LOUISVILLE, Ky. (WDRB) – Jefferson County Public Schools has changed course on a plan that has allowed two of its lowest performing elementary schools to experiment with new ways of teaching and learning.
Atkinson and Maupin elementary schools are part of the “Districts of Innovation” program Kentucky lawmakers established in 2012, giving school districts the flexibility to redesign student learning and sidestep state rules that some argue holds back achievement.
But JCPS has quietly submitted a new Districts of Innovation plan that makes no mention of its existing plan involving the drastic program changes at the Louisville Reach Academy at Atkinson Elementary and the Catalpa School at Maupin Elementary.
The new plan – which has three components – was sent by JCPS to the Kentucky Department of Education earlier this month, seeking to replace the current plan on file, according to documents obtained by WDRB through the state's open records law.
And although JCPS’ application for a new approach requires the signature of both Superintendent Donna Hargens and the chairman of the Jefferson County Board of Education, the school board has not approved a new plan and board members were not briefed about the changes until WDRB told them about it on Thursday.
“This is the first time I’m hearing about it,” said Linda Duncan, a school board member who represents southern Jefferson County, adding that district officials sent them a copy of application on Thursday evening.
Board members Chris Brady, Lisa Willner, Stephanie Horne and Diane Porter also said they were unaware of any changes to the current plan or of any plans to submit a new application or proposal.
“In fact, we asked for a progress update a few months ago about Maupin and Atkinson during our budgeting process,” Brady said. “We are still waiting.”
Jennifer Brislin, a JCPS spokeswoman, said Thursday that the district submitted the new Districts of Innovation plan to the Kentucky Department of Education in order to align it with JCPS’ strategic plan.
“This is all preliminary, it’s a draft proposal,” she said. “We are still seeking feedback from the state.”
It’s not clear when JCPS submitted its new plan, although on Aug. 31, Superintendent Donna Hargens signed off on a document entitled “Districts of Innovation Plan Revisions” that was due to the state by Sept. 15. On that document, a box entitled “New Plan replacing current plan on file” was checked and JCPS uploaded its new plan by submitting a new application.
The application JCPS submitted to the state requires school districts to assure they have “obtained broad support for this application as evidenced by letters of support attached to this application from key stakeholder groups.”
However, JCPS did not attach any letters of support when it submitted its application, according to Nancy Rodriguez, a spokeswoman for the Kentucky Department of Education.
Brislin pointed out that Maupin and Atkinson were not included as part of JCPS’ original plan, which was submitted in 2013.
That’s because the district held a community-wide School of Innovation Design Competition after the Kentucky Department of Education designated JCPS as a District of Innovation and the JCPS school board didn’t approve the Catalpa School and the Louisville Reach Academy as the two winning concepts until 2014.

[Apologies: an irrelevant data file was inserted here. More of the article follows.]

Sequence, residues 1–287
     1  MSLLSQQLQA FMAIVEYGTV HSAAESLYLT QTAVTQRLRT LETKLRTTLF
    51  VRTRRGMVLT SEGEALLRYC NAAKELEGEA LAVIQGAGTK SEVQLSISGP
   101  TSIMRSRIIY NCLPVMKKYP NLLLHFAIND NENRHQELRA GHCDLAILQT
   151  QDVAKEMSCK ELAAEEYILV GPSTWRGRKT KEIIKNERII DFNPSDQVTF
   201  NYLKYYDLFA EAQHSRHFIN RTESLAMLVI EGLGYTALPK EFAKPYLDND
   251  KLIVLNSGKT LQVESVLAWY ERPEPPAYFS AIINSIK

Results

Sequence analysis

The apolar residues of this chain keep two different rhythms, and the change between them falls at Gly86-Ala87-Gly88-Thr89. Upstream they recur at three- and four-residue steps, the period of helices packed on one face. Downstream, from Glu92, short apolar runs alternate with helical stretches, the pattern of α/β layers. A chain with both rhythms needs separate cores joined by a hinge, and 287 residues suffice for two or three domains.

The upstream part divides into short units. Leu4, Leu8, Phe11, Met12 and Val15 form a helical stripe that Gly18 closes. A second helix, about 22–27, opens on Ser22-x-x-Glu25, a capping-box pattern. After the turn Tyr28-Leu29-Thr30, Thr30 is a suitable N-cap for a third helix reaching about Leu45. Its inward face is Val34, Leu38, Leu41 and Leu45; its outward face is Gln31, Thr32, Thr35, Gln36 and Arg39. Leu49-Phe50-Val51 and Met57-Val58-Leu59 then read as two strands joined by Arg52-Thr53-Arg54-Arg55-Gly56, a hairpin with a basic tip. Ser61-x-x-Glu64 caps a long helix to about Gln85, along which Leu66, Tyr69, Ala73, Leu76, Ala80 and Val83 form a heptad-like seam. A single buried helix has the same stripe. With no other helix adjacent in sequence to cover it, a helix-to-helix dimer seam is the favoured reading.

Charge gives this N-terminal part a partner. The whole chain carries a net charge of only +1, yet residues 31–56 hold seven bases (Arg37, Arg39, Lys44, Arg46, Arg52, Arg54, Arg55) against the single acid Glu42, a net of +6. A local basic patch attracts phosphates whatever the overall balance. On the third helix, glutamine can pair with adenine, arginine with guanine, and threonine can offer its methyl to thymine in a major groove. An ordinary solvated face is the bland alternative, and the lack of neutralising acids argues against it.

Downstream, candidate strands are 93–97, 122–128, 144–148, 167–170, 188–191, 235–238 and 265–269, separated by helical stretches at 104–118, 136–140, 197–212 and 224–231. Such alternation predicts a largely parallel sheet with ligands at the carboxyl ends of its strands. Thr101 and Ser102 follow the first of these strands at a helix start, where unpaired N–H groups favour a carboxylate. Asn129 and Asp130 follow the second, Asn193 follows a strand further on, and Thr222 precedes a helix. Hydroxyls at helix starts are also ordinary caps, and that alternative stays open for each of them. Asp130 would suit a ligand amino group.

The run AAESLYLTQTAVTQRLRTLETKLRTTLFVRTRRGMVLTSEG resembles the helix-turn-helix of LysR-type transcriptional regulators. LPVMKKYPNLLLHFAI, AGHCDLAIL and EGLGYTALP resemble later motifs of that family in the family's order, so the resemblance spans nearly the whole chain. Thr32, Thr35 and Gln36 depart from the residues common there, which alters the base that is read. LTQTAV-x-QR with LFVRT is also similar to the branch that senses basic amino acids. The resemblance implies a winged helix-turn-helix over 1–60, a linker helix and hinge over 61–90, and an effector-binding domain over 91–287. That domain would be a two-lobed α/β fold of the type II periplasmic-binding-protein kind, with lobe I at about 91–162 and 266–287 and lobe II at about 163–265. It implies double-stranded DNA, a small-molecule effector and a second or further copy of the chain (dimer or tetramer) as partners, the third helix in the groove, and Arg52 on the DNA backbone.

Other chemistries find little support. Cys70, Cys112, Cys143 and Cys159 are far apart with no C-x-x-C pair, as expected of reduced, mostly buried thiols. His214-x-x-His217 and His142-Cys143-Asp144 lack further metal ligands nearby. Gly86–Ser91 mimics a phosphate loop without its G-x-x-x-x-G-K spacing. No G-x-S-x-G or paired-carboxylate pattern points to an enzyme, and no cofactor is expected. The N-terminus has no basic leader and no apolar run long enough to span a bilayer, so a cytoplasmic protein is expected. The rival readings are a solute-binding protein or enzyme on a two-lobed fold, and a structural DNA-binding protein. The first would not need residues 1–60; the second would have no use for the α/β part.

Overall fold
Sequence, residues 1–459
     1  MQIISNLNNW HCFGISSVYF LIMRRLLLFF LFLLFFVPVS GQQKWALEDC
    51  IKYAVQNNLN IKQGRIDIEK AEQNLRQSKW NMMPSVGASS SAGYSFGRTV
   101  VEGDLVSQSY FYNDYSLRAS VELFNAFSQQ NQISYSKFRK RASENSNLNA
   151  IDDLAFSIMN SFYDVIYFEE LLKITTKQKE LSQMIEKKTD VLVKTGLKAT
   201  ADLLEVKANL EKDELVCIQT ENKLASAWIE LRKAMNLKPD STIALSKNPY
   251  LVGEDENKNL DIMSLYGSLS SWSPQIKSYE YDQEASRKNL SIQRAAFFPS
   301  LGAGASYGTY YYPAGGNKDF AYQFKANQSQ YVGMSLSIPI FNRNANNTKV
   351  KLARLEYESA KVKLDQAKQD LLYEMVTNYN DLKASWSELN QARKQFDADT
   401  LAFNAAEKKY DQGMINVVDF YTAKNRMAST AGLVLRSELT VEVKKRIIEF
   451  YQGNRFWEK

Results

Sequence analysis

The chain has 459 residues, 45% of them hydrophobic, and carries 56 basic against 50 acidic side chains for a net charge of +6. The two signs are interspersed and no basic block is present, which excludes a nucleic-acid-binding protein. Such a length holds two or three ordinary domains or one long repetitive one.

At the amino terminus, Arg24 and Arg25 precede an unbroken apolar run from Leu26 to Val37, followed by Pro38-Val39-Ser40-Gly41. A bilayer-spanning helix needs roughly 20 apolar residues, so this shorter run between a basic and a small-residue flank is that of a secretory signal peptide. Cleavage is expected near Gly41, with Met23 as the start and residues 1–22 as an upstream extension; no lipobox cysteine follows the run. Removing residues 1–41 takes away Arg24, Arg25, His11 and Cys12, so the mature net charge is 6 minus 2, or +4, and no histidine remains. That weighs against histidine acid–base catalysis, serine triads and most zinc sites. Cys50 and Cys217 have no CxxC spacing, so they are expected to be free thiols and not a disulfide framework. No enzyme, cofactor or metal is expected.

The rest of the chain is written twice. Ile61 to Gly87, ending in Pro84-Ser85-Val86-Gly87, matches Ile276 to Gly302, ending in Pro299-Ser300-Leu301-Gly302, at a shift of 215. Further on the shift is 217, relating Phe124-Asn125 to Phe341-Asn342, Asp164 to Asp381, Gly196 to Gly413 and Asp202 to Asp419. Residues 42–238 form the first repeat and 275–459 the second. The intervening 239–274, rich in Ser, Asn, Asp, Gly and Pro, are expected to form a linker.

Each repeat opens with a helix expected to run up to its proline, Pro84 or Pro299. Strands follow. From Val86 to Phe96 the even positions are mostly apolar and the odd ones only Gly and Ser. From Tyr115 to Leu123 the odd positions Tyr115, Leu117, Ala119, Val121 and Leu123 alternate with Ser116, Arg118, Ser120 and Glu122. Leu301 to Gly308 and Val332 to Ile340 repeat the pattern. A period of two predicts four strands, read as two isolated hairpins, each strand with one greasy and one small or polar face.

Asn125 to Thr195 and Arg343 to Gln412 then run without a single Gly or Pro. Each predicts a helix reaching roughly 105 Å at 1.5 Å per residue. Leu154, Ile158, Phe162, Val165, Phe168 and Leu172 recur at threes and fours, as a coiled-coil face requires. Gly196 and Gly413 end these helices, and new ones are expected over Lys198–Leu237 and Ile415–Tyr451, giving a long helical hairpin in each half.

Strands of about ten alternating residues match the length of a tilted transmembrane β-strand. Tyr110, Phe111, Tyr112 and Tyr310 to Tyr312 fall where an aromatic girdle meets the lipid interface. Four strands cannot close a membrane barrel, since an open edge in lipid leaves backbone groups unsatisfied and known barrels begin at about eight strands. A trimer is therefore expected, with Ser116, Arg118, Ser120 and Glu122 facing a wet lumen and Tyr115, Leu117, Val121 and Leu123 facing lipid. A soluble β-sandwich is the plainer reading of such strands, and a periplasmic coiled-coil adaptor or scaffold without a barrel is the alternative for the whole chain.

Following that approval, JCPS submitted detailed plans for both schools to the state.
In Maupin’s case, the district requested and was granted a waiver by the Kentucky Board of Education to deviate slightly in the sequence in which the way the state's academic standards are taught so that it would better align with the school’s Waldorf-inspired curriculum.
However, Rodriguez said the waiver for Maupin is "not a District of Innovation waiver."
"It's a waiver any district could apply for," she said. "It is in effect until the state board rescinds it."
Rodriguez said JCPS’ new Districts of Innovation application is currently under review by the state.
"If we need additional information, we will ask for it," she said. "In addition, the district would need to get approval from its board prior to it going before the state board for approval."
Brislin said JCPS “will continue to support the programs and initiatives at both Maupin and Atkinson,” but she couldn’t say how JCPS planned on supporting the two schools.
No additional money has been allotted in 2016-17 budget to expand programs at the schools and no details have not been shared publicly or with the school board.
Frustration at Maupin, Atkinson
Parents and teachers at both schools have been frustrated with the lack of progress delivered in what they say was promised to them.
“To me, it’s been a case of false advertisement,” said Sharon Lee, whose granddaughter attends Maupin. “We thought the kids would be getting this new innovative program and half way through the first year, it just stopped.”
Indeed, the 2015-16 year at Maupin had a rocky start – the school struggled with its new curriculum and managing student behavior that some teachers said disrupted learning to a point that they couldn’t teach.
By the time students returned from Thanksgiving break, the school’s third, fourth and fifth graders were moving back toward a more traditional curriculum so the school could get a better handle on academics and student behavior.
Patty Rundell, a longtime JCPS teacher, resigned her post at Maupin in September 2015. In her resignation letter, she cited a “lack of assistance that every teacher in this building needs, and has been crying out for, in order to maintain stability in the classroom.”
Rundell also noted a concern that the “now that administration is trying to change instruction, the Waldorf program that is the magnet for this school, will be diluted. I cannot watch that happen.”
This week, WDRB contacted two of the four teachers at Maupin who were behind the Catalpa School concept, asking them how the program was going.